Renal transplantation in patients with polycystic kidney disease: A single-center experience

P. J. Tzardis, R. W.G. Gruessner, A. J. Matas, D. S. Fryd, W. D. Payne, D. L. Dunn, D. E.R. Sutherland, J. S. Najarian

Research output: Contribution to journalArticlepeer-review

7 Scopus citations


During the 25-year period from 1963 to 1988, 127 patients with end-stage renal failure (ESRF) secondary to autosomal dominant polycystic kidney disease (ADPKD) received a total of 143 renal transplants. The average follow-up time was 116 months (range 3 to 300 months). Mean age (45.8 yr) was significantly higher than the average age in our transplant population (31 yr) (p < 0.001). No correlation was found between ADPKD and HLA-A or -B antigen frequency among the patients. Overall patient and graft survival was 90% and 73% at 1 yr, 74% and 53% at 5 yr, 55% and 36% at 10 yr, and 37% and 28% at 15 yr, respectively. When death with a functioning graft was excluded as a cause of graft loss, 15-yr graft survival was 57%. The most common causes of death were cardiovascular complications (46%) and infections (34%), while graft loss was mainly due to patient death (50%), or rejection (38%). Multivariable analysis showed patient survival to be influenced by the level of panel reacting antibodies at the time of transplantation (PRA) (p = 0.002), while graft survival was affected primarily by the donor status (living related vs. cadaver) (p = 0.02). Outcome in transplant patients with ADPKD was compared to outcome in two matched control groups: diabetic and nondiabetic transplant recipients. There was a lower patient survival rate for the diabetic group (p = 0.0003). Graft survival, however, was similar among the three groups, with the exception of diabetics treated with azathioprine, ALG and prednisone who appeared to have a lower graft survival rate (p = 0.0002). The cause of patient death and graft loss overall did not differ among the three groups studied; however, ADPKD and diabetic patients showed an increased death rate due to cardiovascular episodes for the time period between the 1st and 5th posttransplant years (p = 0.02). We conclude that, although ADPKD patients are older at the time of transplantation, they are excellent transplant candidates.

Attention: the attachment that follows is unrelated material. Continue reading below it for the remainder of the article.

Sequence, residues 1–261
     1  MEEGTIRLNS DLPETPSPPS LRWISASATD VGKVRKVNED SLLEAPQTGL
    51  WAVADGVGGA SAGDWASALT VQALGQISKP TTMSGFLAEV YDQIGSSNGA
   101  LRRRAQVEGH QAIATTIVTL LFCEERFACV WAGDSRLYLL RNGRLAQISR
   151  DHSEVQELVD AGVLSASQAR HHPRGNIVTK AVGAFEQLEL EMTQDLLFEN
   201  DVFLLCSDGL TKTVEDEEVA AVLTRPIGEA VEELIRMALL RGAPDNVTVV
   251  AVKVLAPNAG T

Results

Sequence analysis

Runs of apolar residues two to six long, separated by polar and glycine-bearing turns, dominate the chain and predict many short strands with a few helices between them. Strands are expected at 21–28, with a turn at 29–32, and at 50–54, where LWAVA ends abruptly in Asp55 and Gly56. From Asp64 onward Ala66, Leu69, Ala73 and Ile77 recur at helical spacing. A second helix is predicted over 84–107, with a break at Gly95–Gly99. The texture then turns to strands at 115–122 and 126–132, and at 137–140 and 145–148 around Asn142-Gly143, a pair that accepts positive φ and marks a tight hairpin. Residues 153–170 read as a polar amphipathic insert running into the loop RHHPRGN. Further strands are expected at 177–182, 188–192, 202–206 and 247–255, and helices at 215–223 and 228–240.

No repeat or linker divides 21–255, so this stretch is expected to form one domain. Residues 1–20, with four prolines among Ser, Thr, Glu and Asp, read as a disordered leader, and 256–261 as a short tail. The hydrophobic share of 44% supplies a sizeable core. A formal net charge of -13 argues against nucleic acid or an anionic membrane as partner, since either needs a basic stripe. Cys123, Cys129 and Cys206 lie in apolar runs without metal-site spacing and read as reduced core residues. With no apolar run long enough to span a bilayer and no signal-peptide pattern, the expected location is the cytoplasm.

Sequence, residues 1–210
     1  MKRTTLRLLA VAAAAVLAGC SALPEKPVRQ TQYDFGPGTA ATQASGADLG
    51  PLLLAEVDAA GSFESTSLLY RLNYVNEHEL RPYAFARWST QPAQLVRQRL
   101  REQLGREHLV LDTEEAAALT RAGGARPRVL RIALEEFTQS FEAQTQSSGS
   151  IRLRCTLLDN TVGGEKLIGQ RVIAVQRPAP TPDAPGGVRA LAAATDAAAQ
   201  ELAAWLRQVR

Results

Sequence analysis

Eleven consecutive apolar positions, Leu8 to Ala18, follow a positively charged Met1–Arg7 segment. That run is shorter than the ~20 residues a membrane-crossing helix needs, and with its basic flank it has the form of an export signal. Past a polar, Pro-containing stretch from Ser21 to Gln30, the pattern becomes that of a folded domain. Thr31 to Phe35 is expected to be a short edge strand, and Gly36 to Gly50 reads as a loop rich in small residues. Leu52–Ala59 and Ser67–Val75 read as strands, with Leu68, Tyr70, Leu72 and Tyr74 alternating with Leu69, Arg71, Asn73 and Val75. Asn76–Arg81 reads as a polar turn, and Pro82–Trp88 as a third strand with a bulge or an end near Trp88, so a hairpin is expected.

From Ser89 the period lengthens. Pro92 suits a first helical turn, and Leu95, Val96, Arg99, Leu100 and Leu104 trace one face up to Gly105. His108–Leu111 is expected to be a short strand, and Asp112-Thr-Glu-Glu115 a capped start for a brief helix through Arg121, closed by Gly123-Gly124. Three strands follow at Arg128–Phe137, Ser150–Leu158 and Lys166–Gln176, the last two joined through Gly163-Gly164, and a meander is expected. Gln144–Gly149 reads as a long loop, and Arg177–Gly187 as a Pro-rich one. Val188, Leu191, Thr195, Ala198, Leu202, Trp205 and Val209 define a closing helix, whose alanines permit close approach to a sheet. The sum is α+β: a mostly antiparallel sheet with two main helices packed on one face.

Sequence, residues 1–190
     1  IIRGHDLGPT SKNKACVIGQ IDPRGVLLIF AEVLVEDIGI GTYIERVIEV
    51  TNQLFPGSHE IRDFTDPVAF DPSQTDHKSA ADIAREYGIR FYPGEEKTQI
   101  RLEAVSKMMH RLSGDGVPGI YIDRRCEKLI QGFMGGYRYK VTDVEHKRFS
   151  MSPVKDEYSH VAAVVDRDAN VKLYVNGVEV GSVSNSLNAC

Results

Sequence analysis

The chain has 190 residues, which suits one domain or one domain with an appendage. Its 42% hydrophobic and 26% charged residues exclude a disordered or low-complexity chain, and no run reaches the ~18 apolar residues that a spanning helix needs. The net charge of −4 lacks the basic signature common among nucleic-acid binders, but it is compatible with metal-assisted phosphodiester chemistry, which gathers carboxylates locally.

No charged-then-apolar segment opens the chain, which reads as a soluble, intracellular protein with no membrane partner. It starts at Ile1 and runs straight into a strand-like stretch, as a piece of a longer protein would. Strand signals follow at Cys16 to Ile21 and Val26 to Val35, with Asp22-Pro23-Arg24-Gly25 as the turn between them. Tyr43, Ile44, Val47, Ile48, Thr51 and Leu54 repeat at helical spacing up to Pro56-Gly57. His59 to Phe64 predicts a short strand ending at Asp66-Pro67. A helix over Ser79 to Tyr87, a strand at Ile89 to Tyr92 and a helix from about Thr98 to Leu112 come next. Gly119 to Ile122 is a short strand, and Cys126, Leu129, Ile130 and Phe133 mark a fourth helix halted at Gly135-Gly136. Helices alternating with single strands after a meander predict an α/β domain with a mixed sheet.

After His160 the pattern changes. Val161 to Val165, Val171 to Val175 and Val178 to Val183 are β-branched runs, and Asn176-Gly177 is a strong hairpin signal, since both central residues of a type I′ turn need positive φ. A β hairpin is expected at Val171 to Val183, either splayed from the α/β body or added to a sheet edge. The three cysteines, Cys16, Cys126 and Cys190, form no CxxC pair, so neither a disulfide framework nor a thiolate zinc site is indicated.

Original languageEnglish (US)
Pages (from-to)325-330
Number of pages6
JournalClinical Transplantation
Issue number6
StatePublished - 1989
Externally publishedYes


  • kidney
  • polycystic disease
  • transplantation

ASJC Scopus subject areas

  • Transplantation


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